What does this mean for rural children and families? Nutritional assistance, public health insurance, and the EITC are most highly used among those living in low-income rural counties, and cutbacks in federal safety net programs and the proposed repeal of the Affordable Care Act (ACA) may disproportionately harm low-income people in the rural United States. The ACA led to the lowest percentage of uninsured Americans on record,20 and rural people experienced gains in coverage that were as large, if not more substantial, than Americans elsewhere. Although policy makers tend to focus on people living in the urban United States, our results show that those living in the rural United States and particularly in low-income counties, may have even more to gain from public health insurance and other social safety-net programs.

Box 1: Definitions

Rural and Urban
We define counties as rural based on the Office of Management and Budget classification. Urban counties are those located within an urbanized core or any adjacent counties that have a “high degree of social and economic integration with the core.”6 All other counties are considered nonmetropolitan or “rural.” Of the 3,143 counties in the United States, 1,976 are rural and 1,975 are used in this analysis.7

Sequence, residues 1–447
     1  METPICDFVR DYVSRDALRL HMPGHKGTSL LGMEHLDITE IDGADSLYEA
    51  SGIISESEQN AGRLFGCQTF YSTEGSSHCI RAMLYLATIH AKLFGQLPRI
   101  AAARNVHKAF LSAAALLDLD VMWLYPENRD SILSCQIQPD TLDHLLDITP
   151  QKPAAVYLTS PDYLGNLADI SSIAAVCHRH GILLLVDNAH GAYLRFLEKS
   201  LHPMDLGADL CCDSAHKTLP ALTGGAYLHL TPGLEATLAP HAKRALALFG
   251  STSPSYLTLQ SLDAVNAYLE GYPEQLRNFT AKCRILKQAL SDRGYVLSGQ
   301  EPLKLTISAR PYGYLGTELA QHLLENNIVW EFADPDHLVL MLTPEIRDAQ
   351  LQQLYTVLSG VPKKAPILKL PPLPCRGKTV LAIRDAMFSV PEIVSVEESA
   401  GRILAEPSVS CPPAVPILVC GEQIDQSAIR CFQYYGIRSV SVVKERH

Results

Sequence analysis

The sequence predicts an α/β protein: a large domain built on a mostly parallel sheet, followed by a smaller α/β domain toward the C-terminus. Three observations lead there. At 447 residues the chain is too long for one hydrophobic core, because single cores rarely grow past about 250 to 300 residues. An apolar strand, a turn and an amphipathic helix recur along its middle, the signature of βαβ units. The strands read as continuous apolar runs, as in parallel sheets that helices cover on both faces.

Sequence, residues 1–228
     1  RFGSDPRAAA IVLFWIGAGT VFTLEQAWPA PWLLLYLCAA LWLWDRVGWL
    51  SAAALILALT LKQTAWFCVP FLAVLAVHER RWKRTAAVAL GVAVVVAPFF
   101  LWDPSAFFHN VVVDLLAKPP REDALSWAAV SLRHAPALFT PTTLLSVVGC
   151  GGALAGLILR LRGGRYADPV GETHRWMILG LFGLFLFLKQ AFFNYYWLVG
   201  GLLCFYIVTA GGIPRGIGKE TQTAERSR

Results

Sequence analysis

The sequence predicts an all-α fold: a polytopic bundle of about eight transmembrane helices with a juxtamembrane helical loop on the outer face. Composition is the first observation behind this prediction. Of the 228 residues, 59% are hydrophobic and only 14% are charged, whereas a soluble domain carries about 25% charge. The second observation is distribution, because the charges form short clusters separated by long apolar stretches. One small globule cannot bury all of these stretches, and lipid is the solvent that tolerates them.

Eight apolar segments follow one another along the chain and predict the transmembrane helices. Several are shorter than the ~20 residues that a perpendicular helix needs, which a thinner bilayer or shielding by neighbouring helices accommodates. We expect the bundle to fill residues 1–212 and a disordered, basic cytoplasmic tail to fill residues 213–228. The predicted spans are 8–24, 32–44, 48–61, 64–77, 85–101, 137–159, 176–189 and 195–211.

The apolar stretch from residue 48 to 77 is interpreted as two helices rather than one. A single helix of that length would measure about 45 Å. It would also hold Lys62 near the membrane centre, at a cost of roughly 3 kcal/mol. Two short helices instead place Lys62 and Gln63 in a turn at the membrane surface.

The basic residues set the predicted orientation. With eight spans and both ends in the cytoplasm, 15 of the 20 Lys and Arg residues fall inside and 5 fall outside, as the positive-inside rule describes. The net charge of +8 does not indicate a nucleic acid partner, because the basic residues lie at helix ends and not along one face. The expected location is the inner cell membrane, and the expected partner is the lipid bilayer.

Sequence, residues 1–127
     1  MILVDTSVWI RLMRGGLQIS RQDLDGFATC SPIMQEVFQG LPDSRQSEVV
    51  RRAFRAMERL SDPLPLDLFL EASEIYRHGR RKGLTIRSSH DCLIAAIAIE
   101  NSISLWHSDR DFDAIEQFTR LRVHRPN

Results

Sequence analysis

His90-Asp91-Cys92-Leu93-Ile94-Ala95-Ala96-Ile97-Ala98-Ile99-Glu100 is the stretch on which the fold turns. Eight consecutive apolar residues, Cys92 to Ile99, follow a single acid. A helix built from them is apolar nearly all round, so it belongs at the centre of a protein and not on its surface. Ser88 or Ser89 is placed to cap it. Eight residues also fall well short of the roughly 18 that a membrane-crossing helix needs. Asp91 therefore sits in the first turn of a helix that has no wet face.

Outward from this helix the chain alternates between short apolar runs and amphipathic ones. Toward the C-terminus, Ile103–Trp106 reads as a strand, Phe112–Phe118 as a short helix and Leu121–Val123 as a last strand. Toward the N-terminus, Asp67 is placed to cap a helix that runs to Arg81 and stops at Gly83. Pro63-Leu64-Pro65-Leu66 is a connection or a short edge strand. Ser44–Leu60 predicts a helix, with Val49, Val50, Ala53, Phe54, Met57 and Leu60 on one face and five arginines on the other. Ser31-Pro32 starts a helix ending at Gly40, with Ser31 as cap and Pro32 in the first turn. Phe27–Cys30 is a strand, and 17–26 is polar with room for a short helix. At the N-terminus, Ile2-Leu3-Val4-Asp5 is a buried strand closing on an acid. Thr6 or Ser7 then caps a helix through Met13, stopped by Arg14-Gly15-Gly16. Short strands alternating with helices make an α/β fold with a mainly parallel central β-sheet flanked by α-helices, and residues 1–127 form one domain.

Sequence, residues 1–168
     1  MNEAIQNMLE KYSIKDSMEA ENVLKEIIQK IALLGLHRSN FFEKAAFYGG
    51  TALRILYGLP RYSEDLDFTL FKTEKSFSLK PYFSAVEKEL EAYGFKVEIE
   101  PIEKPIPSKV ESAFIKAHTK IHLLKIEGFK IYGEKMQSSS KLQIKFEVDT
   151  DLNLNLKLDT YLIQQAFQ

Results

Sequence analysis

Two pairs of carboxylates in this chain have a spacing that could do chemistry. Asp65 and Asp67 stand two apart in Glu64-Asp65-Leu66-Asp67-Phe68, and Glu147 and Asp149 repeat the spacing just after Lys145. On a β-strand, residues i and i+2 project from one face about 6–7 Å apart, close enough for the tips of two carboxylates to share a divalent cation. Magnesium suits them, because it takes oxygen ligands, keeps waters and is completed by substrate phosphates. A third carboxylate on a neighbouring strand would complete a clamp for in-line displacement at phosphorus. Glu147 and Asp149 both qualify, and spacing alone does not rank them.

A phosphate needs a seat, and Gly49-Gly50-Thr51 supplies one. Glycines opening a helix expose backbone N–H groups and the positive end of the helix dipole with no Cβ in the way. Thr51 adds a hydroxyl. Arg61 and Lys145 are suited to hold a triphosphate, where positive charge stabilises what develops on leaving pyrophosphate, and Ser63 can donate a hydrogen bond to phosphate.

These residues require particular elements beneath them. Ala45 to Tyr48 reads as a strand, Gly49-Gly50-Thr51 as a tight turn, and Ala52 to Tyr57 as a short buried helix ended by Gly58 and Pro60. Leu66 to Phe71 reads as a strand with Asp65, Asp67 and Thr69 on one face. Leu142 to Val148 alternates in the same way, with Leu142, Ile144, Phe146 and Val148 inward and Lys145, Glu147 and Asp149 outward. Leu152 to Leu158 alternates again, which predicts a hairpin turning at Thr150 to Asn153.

Family Income Categories

  • Bottom 10% (very-low-income): The bottom 10 percent of counties based on median family income. In 2015, these counties had median incomes below $31,098.

  • Low income: The bottom 25 percent of counties based on median family income (includes those in the bottom 10% category). These counties had incomes below $38,827

  • Lower-middle-income: The 25 percent of counties second from the bottom based on median family income. These counties had incomes between $38,827 and $45,111.

  • Upper-middle-income: The 25 percent of counties second from the top based on median family income. These counties had incomes between $45,112 and $52,250.

  • High income: The top 25 percent of counties based on median family income (includes those in the top 10% category). These counties had incomes above $52,250.

  • Top 10% (very-high-income): The top 10 percent of counties based on median family income. These counties had incomes above $70,470.